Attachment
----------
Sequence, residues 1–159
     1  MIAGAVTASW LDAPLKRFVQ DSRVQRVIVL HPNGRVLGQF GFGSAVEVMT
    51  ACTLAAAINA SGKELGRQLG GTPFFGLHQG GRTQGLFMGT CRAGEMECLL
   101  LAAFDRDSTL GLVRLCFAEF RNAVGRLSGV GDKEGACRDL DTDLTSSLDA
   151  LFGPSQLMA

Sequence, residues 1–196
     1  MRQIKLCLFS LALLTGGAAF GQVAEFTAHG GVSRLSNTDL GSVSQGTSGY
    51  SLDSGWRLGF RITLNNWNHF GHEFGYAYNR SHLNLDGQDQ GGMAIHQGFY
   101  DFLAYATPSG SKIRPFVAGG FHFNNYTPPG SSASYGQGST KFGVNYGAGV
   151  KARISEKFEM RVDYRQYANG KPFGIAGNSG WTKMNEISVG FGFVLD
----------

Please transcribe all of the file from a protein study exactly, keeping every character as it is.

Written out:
Sequence, residues 1–159
     1  MIAGAVTASW LDAPLKRFVQ DSRVQRVIVL HPNGRVLGQF GFGSAVEVMT
    51  ACTLAAAINA SGKELGRQLG GTPFFGLHQG GRTQGLFMGT CRAGEMECLL
   101  LAAFDRDSTL GLVRLCFAEF RNAVGRLSGV GDKEGACRDL DTDLTSSLDA
   151  LFGPSQLMA

Sequence, residues 1–196
     1  MRQIKLCLFS LALLTGGAAF GQVAEFTAHG GVSRLSNTDL GSVSQGTSGY
    51  SLDSGWRLGF RITLNNWNHF GHEFGYAYNR SHLNLDGQDQ GGMAIHQGFY
   101  DFLAYATPSG SKIRPFVAGG FHFNNYTPPG SSASYGQGST KFGVNYGAGV
   151  KARISEKFEM RVDYRQYANG KPFGIAGNSG WTKMNEISVG FGFVLD